Development of Advanced Programming Techniques for Industrial Robots’ project given access to co-funding. The goal: to build a new generation of robots that are easier to program, capable of moving and even ‘thinking’ like people, thus extending the number and type of applications the SACMI range provides to different businesses.
Gaiotto Automation (SACMI Group), a leading player in the design and development of industrial robots, has won funding from the Regione Emilia-Romagna as part of an investment attractiveness tender (as per Italian Regional Law 14 of 2014).
Proposed under the European Regional Development Program POR FESR 2014-2020, the tender funds strategic employment-boosting investment plans. These mainly concern industrial research and experimentation programs that target the development and dissemination of significant technological advances for production systems; such investments also seek to acquire new capacities of technological and industrial relevance to regional manufacturing chains.
Industrial robotics is increasingly important to modern manufacturing. However, its application on a wider scale poses several problems: for example, robots, once programmed, have a certain rigidity and workers now need to have a high-end skills set.
Gaiotto's ‘Development of Advanced Programming Techniques for Industrial Robots’ project seeks to address these issues. Step 1 is the development of new off-line programming software. In practice, this allows users to program robot tasks without any machine downtimes. Step 2 is the ‘virtualization’ (digital twinning) of robotic systems to allow kinematic and dynamic simulation. Lastly, Step 3 is the implementation of new algorithms that aid self-learning, allowing humans to simply and efficiently teach the robot to perform the necessary movements.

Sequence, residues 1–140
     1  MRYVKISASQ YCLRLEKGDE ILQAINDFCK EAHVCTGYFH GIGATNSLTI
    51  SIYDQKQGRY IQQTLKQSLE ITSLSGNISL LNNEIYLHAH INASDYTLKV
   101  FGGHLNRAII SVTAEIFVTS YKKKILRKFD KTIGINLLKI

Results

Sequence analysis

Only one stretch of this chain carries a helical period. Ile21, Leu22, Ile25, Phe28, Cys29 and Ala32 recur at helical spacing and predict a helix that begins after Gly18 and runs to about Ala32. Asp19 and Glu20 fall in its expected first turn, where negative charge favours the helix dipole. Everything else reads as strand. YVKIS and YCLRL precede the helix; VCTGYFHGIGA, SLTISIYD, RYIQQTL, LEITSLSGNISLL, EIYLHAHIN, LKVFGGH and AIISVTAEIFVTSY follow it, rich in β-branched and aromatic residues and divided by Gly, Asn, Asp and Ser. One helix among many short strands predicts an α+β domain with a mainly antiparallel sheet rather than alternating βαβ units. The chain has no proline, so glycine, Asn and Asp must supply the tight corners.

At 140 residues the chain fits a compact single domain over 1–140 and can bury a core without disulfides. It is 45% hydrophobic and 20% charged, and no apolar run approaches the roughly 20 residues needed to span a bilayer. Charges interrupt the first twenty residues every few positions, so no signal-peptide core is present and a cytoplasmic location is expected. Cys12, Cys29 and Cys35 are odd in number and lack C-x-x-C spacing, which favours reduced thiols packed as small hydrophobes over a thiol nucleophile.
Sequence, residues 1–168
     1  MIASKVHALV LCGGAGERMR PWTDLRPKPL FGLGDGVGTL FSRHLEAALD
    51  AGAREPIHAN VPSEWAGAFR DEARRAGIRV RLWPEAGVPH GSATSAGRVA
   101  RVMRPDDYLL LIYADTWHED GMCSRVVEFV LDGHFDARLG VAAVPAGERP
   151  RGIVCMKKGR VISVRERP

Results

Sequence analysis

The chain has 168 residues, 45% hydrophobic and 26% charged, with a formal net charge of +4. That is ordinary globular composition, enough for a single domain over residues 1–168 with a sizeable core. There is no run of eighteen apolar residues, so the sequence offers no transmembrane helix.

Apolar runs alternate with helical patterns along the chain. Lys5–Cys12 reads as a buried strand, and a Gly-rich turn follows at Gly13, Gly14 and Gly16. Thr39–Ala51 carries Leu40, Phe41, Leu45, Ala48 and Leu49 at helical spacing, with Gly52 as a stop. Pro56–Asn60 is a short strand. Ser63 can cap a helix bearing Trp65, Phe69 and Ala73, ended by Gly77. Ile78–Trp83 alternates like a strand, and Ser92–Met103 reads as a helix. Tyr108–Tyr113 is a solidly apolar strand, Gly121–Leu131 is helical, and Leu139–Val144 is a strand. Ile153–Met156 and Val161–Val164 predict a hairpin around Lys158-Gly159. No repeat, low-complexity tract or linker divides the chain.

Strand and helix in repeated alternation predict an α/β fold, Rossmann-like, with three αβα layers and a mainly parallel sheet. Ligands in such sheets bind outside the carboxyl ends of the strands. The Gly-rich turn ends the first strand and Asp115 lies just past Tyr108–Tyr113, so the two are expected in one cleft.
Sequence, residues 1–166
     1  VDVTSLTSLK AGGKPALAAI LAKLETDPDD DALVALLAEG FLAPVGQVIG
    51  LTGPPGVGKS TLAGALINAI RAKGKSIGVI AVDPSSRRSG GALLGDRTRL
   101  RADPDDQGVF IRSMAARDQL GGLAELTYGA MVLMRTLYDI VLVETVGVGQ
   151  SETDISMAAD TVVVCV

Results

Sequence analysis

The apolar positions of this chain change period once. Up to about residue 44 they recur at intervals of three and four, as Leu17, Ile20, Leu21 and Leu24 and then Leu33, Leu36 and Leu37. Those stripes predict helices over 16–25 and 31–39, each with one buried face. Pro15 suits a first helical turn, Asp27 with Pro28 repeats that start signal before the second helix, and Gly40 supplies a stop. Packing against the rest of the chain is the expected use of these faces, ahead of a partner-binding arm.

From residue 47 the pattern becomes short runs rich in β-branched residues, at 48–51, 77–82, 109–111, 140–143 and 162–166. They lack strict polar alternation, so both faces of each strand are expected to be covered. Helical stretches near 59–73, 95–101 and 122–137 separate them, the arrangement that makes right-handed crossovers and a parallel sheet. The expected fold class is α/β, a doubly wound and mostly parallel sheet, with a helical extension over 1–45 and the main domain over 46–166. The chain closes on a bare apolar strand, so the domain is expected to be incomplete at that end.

Several solutions in Gaiotto's portfolio already make full use of these principles. Such solutions form the core of the SACMI range and have multiple applications across various businesses (glazing, pressure casting, handling, etc.). This project aims to push forward the frontiers of future applications by using increasingly sophisticated hardware and software: to do so it will draw on 900,000 euros of co-funding provided under the regional tender and recruit some 25 new technicians onto the Gaiotto team.
The project also includes a second set of activities that focus on complete automation of robotic systems. Here, the project involves the creation of next-gen hardware and software that will allow robots to ‘perceive the surrounding environment’. The goal, then, is not just to teach robots to perform specific tasks but to make them ‘think like humans’: in short, robots capable of self-generating programs.
Gaiotto will team up with the Department of Engineering Sciences and Methods of the University of Modena and Reggio Emilia, represented by the ARSControl (Automation, Robotics and Control Systems) research group which has a lab at Tecnopolo di Reggio Emilia. The company will also partner with Industria Tecnologica Italiana (IT-I) srl, founded in 2015 by engineers with PhDs in robotics and automation systems for mechanics and mechatronics.
This regional co-financing underscores the soundness of SACMI’s innovation strategy which has, for years, focused on close ties with local institutions and universities, from the Emilia-Romagna Regional High Tech Network to various partnerships with regional universities for the development of business-related projects. An integral part of this strategy is making optimal use of innovation-driving funding opportunities to improve skills sets both in-company and throughout the region.